Cracking the code for successful conversions: Detailed information analysis and facilitated sessions

Facilitated sessions are an excellent way of gaining additional insight into the requirements and expectations for any conversion project.  What I have found is that most of the participants in a facilitated session have different agendas and different priorities for the project, so the facilitator must be neutral.

Usually 5-8 active participants keep the session interesting and controlled.  It is nice if you can send out preparation information for the participants.

Most companies bring in consultants to facilitate the process.  A good facilitator should not be from a business unit or have a major stake in the outcome for this project.  Also, an understanding of team dynamics, and the applications being converted is always a plus! Read More »

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Personal data marketplaces

One of my favorite business books is Chris Anderson's Free: The Future of a Radical Price. The book serves as the basis for the über-popular freemium model embraced by so many companies today. In my favorite passage, Anderson recounts the tale of an Amazon free-shipping promotion in Europe in the late 1990s. Because of an obscure French law, however, Amazon had to charge a nominal sum in the country (something like a few francs.) In England, there was no such law.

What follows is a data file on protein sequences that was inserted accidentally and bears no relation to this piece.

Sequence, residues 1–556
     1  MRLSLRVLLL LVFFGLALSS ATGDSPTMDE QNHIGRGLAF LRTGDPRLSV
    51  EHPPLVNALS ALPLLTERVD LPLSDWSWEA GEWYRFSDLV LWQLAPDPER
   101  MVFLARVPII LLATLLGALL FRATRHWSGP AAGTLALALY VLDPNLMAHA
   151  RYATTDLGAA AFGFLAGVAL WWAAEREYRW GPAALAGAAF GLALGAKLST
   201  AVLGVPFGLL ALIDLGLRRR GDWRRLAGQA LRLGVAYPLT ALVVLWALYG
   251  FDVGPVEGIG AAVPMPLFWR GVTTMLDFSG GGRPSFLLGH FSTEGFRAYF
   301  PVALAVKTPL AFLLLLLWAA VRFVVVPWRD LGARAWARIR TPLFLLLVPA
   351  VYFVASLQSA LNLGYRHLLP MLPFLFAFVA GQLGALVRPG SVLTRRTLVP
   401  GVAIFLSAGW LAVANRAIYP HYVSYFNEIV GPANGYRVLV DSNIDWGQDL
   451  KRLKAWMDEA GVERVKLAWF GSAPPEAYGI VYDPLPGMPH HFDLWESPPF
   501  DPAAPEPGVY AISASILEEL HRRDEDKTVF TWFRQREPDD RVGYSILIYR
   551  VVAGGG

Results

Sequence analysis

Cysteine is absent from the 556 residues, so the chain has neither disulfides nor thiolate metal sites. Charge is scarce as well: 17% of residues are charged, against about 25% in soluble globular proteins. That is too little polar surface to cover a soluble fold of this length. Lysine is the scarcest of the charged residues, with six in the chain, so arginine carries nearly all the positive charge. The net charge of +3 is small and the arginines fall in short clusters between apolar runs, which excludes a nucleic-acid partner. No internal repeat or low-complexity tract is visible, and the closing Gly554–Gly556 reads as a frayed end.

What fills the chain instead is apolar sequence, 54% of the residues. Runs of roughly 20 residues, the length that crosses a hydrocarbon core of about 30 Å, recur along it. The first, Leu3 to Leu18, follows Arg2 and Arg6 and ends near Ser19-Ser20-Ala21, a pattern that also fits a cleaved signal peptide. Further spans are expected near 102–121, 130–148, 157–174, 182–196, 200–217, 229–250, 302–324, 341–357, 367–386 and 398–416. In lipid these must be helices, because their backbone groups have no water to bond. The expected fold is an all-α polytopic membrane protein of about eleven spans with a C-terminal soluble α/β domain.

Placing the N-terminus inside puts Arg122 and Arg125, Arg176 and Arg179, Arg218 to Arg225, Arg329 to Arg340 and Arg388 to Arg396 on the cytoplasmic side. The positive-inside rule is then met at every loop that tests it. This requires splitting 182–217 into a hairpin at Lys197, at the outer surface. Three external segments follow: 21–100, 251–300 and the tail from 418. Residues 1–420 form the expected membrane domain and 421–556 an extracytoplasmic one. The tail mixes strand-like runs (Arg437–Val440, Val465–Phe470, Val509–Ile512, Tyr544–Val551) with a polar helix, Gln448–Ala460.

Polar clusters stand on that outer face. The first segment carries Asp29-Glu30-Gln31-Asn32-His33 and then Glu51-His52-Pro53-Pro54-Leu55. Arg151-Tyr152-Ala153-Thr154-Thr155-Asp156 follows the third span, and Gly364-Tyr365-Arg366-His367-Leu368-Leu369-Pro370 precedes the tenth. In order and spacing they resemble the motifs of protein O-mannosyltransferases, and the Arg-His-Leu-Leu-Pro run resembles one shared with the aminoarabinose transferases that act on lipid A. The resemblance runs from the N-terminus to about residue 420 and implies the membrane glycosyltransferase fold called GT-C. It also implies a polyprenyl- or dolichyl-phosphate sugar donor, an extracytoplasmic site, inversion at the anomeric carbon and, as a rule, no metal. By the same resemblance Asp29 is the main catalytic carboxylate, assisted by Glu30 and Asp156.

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Big data versus the not-so-humble opinion

Henrik Liliendahl Sørensen recently blogged about the times when a HiPPO (Highest Paid Person’s Opinion) outweighs data in business decision-making. While I have seen plenty of hefty opinions trump high-quality data, those opinions did not always come from the highest paid person.

The stubborn truth is that we all hold our opinions in high regard regardless of what we base our opinions on.

“Opinions are robust: they persist without support,” Beston Jack Abrams explained. While you would think that data should shake such wobbly foundations, as Abrams further explained, “nothing causes greater adherence to an opinion than opposition to it.” Read More »

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What do Hadoop superheroes do now that Hallows' Eve has come and gone?

Great works of fiction are filled with dynamic duos. Sherlock Holmes and Mr. Watson. Rosencrantz and Guildenstern. And, of course, superheroes like Batman and Robin. On Thursday, Nov. 5 at 1 p.m. ET, two real-world Hadoop superheroes – Arun C. Murthy, co-founder of Hortonworks, and Paul Kent, vice president of big data at SAS – are teaming up to take on Hadoop YARN in this webcast: Combine SAS High-Performance Capabilites with Hadoop YARN…with SAS and Apache Hadoop. Read More »

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What is transaction synchronization? And why does MDM care?

A way of paraphrasing what I suggested in my last post was that as master data practitioners, we are often focused too much on pulling data from source systems to populate a master entity model and not focused enough on understanding how dependencies across business processes may influence the proper synchronization of master entity data. This is often a byproduct of batch updating performed on a periodic basis with data extracted from transaction systems. Read More »

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Cracking the code to successful conversions: Detailed information analysis via existing sources